As part of recent contract negotiations, the Massachusetts Bay Transportation Authority (MBTA) has agreed to disclose more of its pension data to the public.
The MBTA retirement fund is among the most tight-lipped public pension funds in the country, due to laws that exempt it from following public records laws.
The MBTA will now release its members’ monthly pension benefits to the public. It will also improve its annual financial reports to include more information.
Reported by the Boston Globe:
Under the contract, the Boston Carmen’s Union adopted language to require the $1.6 billion T retirement fund to disclose members’ pension benefits to the MBTA at least monthly. The MBTA in turn will post them on the state website that discloses all public employee pensions, Open Checkbook.
In addition, the union agreed that fund trustees will improve the annual report to meet the standards of the Government Finance Officers Association.
The fund’s annual report for years has left out essential elements, prompting warnings from auditors. The fund also failed to disclose a $25 million loss on a hedge fund investment in 2012, until the matter was reported by the Globe last year. Currently, the loss is posted on the pension fund’s website.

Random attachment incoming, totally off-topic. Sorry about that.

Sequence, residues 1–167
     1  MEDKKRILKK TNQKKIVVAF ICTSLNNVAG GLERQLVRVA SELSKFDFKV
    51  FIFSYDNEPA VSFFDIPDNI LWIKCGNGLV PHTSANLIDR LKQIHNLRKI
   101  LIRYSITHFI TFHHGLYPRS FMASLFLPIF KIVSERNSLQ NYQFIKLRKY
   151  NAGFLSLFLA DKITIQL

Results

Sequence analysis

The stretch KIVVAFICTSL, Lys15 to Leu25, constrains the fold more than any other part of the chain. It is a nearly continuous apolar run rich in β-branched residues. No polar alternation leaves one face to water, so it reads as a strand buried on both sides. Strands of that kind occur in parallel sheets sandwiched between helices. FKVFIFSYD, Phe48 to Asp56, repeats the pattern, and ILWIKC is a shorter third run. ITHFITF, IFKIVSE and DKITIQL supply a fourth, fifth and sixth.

The union, which also won a 10 percent pay increase over the next four years, approved the pension and work agreements last weekend. The Massachusetts Department of Transportation affirmed the $94 million accord Wednesday.
The T pension fund, partially supported by taxpayers, is organized as a trust and not required to follow public records laws. That position was upheld by the state Supreme Judicial Court in 1993.
Transparency advocates didn’t get everything they wanted, however. The fund is still refusing to disclose documents related to investment losses associated with certain hedge funds.
Photo by Truthout.org via Flickr CC License